Psychotic Disorders

Believing your pet can talk to you or that you’re actually living in the movie the Matrix may sound interesting to the average person, but it is a much more serious condition for the person who really believes and lives in that world. Read on to find out what causes psychotic disorders, how to treat them and more.

What is a Psychotic Disorder?

Psychosis, in general, is a mental condition that affects a person’s perception of reality that is often accompanied by delusions and/or hallucinations. Psychosis is a symptom of some of the more severe forms of mental health problems – grouped as psychotic disorders – such as schizophrenia and bi-polar disorder. These illnesses alter a person’s ability to think clearly, make good judgments, respond emotionally, communicate effectively, understand reality and behave appropriately.[1,2,3]

Types of Psychotic Disorders

There are several types of psychotic disorders, including the following:

Schizophrenia. Schizophrenia is a group of severe brain disorders in which people interpret reality abnormally. Schizophrenia may result in some combination of hallucinations, delusions and disordered thinking and behavior.[4]

Schizoaffective Disorder. A condition in which a person experiences a combination of schizophrenia symptoms — such as hallucinations or delusions — and of mood disorder symptoms, such as mania or depression.[5]

Schizophreniform Disorder. People with this illness have symptoms of schizophrenia, but the symptoms are milder and last between one and six months. People with this condition are able to function socially and work during this episode.[6]

Brief Psychotic Disorder. People with this illness experience delusions, hallucinations, and/or disorganized speech and behavior that lasts at least one day, but not longer than one month, and is usually the result of a very stressful event, such as a death in the family.[7]

Delusional Disorder. People with this condition have one or more non-bizarre delusions, or false beliefs, involving real-life situations, such as being stalked, being loved or deceived or having an illness.[8]

Shared Psychotic Disorder. This illness occurs when an otherwise healthy person develops delusions of a person with a psychotic disorder, such as schizophrenia. For example, a person with a psychotic disorder believes the government is spying on him or her. The person with shared psychotic disorder will also begin to believe that the government is spying on him or her. The delusions for the otherwise healthy person usually disappear when the people are separated.[2]

Substance-Induced Psychotic Disorder. This condition is caused and sustained by intoxication or withdrawal from certain substances, such as alcohol, amphetamines, hallucinogens and cocaine, that may cause hallucinations, delusions or confused speech.[9]

Bi-polar Disorder. Bi-polar disorder, also known as manic depression, is a mood disorder involving high to low swings in a person’s mood. These euphoric to depressed changes in behavior affect about one in 100 people and vary in occurrence from person to person; that is, some people have mood swings every few days, while others go long periods without experiencing problems.[10]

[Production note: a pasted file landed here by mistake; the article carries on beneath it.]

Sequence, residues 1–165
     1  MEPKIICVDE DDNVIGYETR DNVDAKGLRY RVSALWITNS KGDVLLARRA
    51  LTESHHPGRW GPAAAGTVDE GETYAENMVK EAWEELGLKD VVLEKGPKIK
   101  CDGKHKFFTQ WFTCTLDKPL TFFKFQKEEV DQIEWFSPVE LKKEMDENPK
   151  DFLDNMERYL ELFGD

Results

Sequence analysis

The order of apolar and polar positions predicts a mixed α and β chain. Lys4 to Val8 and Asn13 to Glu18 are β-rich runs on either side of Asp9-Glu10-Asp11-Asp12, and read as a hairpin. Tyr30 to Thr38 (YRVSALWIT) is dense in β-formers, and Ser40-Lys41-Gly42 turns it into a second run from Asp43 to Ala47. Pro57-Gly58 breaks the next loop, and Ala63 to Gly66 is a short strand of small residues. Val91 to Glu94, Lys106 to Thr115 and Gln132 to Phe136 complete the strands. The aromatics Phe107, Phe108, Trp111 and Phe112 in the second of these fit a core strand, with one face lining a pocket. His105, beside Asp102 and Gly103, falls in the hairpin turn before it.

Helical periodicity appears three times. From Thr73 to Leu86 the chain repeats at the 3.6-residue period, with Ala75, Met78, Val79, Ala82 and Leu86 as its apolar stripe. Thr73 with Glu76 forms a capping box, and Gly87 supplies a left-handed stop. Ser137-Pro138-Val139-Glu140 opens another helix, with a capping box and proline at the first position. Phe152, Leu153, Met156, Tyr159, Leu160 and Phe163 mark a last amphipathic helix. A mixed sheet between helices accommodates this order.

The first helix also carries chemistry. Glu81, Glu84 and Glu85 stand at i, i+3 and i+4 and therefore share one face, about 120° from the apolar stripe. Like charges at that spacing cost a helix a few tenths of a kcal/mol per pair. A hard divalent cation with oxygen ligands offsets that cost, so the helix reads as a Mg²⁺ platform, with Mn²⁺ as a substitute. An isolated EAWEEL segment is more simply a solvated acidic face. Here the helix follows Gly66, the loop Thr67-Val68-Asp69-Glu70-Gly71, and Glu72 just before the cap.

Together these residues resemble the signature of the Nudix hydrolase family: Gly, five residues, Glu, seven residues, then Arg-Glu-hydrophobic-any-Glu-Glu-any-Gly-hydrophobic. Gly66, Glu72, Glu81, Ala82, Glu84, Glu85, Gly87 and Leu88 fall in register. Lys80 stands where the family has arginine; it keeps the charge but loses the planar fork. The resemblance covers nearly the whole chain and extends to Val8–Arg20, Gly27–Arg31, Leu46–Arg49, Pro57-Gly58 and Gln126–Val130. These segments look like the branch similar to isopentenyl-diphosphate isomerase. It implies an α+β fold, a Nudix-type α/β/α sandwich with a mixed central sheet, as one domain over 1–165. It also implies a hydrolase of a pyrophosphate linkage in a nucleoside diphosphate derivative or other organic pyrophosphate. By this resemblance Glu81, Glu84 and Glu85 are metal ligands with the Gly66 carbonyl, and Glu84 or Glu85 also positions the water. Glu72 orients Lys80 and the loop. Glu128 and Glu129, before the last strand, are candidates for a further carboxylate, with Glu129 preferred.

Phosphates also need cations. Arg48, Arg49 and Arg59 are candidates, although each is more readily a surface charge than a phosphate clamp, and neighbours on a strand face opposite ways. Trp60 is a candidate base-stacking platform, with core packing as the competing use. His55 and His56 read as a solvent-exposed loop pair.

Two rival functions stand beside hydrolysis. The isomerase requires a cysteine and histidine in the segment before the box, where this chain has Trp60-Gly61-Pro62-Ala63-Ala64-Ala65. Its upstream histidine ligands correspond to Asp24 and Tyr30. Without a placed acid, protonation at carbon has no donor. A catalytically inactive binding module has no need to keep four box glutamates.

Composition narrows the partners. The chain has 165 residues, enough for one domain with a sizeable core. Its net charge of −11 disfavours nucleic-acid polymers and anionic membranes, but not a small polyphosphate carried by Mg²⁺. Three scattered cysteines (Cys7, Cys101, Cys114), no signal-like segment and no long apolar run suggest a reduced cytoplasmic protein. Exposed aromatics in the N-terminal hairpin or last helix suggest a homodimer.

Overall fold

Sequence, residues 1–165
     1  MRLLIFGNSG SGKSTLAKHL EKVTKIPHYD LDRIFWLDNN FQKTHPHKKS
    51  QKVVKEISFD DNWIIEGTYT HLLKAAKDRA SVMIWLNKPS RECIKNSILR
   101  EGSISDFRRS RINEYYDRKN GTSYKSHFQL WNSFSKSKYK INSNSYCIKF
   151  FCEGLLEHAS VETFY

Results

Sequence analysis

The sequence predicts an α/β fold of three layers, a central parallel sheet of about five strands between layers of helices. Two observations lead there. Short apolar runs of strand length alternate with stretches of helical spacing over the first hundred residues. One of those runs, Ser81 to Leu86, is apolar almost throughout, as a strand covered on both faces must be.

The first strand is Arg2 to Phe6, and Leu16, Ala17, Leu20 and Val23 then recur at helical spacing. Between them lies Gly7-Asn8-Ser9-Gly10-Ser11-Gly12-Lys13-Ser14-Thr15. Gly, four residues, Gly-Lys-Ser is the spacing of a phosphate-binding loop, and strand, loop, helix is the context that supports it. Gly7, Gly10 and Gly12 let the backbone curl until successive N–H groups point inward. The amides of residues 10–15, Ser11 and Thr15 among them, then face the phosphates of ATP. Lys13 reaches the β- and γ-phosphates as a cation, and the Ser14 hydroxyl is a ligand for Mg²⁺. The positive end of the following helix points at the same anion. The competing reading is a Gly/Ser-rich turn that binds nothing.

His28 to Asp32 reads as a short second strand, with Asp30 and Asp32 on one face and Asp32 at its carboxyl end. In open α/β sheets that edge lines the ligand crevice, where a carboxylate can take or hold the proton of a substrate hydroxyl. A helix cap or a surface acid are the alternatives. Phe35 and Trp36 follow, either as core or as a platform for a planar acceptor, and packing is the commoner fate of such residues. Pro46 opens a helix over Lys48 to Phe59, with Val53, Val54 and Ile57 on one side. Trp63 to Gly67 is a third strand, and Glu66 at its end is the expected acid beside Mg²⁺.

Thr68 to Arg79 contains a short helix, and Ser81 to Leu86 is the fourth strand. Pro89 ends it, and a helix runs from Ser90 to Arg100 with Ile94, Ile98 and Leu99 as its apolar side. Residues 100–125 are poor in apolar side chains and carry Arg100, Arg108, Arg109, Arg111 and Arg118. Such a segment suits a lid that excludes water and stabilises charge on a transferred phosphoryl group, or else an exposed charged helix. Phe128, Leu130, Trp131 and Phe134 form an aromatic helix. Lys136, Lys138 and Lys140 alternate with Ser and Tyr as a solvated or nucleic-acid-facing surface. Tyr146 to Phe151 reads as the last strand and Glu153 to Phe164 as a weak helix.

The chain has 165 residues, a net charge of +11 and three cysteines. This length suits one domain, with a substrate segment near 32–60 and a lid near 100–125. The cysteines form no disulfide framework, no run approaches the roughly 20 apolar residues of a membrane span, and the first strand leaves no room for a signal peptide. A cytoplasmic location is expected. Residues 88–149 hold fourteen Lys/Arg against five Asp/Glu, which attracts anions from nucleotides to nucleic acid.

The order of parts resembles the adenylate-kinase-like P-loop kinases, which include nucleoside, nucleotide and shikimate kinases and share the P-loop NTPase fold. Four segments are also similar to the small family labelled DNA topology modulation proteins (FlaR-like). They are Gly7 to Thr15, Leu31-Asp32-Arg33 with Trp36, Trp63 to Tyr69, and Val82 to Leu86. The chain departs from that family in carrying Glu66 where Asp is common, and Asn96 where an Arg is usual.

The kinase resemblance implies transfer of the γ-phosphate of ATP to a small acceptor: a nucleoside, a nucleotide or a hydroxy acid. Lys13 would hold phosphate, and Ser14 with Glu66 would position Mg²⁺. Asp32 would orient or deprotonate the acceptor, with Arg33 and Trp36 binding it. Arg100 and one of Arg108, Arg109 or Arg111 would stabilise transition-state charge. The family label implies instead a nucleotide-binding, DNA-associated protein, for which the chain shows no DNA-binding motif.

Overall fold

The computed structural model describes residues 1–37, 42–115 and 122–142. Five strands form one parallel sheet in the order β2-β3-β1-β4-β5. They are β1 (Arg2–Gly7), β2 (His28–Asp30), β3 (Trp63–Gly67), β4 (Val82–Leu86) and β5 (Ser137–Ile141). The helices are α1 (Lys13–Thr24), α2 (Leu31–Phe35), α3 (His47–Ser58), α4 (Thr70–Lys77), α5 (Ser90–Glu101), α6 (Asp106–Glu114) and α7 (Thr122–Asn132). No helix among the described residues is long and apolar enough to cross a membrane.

Signs & Symptoms of Psychotic Disorders

Although symptoms of a psychotic disorder vary from person to person and may change over time, hallucinations and delusions are the two most obvious symptoms.[2]

Hallucinations. Hallucinations are unusual sensory experiences or perceptions of things that aren’t actually present, such as seeing things that aren’t there, hearing voices, smelling odors, having a “funny” taste in your mouth, feeling sensations on your skin even though nothing is touching your body, and sensing things that other people can’t.[1,11]

Delusions. Delusions are irrational and unfounded beliefs that are persistent and organized, and that do not go away after receiving logical or accurate information. For example, a person who is certain his or her food is poisoned, even if it has been proven that the food is fine, is suffering from a delusion.[1,11]

Other possible symptoms of psychotic illnesses include:[12]

  • Odd or bizarre behavior
  • Odd or irrational beliefs
  • Changes in thinking or speech
  • Suspiciousness or paranoia
  • Decrease in personal hygiene
  • Social withdrawal
  • Preoccupation with a particular topic
  • Marked changes in emotion

Causes of Psychotic Disorders

The exact cause of psychotic disorders is not known, but researchers believe that many factors may play a role. Some psychotic disorders tend to run in families, suggesting that the tendency, or likelihood, to develop the disorder may be inherited. Environmental factors may also play a role in their development, including stress, alcohol and drug abuse and major life changes.[3,13] In addition, people with certain psychotic disorders may have an imbalance of certain chemicals in the brain. They may be either very sensitive to or produce too much of a chemical called dopamine. Dopamine is a neurotransmitter, a substance that helps nerve cells in the brain send messages to each other. An imbalance of dopamine affects the way the brain reacts to certain stimuli, such as sounds, smells, and sights, and can lead to hallucinations and delusions.[13]